A prospect for parks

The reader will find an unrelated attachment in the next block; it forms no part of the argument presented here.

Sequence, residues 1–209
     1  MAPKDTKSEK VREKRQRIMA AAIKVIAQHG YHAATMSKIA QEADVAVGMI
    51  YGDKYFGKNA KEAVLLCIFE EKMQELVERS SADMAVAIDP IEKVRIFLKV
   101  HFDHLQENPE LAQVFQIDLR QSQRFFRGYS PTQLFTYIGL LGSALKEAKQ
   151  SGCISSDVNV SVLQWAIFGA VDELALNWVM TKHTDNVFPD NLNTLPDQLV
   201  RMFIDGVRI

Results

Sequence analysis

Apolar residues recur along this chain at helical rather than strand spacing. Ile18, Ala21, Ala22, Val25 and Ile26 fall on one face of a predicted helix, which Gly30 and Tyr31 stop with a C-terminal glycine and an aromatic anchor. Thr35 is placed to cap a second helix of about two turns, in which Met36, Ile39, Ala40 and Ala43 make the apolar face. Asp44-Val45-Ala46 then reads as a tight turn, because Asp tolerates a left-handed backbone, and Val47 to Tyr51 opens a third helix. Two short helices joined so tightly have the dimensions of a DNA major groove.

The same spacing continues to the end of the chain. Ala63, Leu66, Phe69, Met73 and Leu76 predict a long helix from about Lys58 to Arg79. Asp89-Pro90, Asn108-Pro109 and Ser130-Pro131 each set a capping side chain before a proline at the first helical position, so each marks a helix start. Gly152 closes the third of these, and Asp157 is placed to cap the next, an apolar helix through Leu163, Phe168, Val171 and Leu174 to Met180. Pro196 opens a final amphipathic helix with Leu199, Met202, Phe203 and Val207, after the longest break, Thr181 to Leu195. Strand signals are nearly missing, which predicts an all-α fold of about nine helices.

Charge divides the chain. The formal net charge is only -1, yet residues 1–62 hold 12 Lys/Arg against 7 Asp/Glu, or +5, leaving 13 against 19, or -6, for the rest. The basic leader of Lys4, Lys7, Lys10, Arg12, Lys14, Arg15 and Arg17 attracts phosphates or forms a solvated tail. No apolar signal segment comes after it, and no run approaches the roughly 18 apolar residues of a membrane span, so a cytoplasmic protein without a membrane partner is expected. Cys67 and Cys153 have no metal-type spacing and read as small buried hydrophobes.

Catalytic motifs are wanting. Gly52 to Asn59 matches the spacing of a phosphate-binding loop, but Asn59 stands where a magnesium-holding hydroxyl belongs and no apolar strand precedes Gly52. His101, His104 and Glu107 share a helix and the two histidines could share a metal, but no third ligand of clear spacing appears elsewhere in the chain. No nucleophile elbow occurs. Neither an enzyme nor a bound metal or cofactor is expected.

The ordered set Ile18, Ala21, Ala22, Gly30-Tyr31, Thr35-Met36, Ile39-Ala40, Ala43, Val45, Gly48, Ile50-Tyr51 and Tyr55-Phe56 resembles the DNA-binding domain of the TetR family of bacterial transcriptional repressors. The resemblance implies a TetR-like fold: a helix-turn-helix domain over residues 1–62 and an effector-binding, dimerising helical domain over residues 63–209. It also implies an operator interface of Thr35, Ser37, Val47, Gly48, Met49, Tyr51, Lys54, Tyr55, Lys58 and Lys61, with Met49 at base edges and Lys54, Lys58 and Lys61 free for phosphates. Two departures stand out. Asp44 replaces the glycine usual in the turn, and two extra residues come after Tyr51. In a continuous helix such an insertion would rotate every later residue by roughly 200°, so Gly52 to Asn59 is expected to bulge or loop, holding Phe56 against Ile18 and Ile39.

THE park system of New York City is the product of more than a century of active expansion. In 1976, there are approximately 23,000 acres of park land under the City’s jurisdiction; 13,000 additional acres formerly in City possession are now part of the federally administered Gateway National Recreation Area. More than 17 per cent of the total acreage of the city is public park land-an acre of open space for every 210 residents. The policy of constant acquisition was a result of valid planning assumptions based on optimistic estimates of long-term trends. For generations New York’s population had been increasing. Each year additional acres of open space succumbed to development as urbanization swept across the five boroughs. Planners sought to provide facilities both in congested areas and in regions that soon would be developed. In the Depression era, because of a reduced rate of housing construction, park development was often far in advance of need.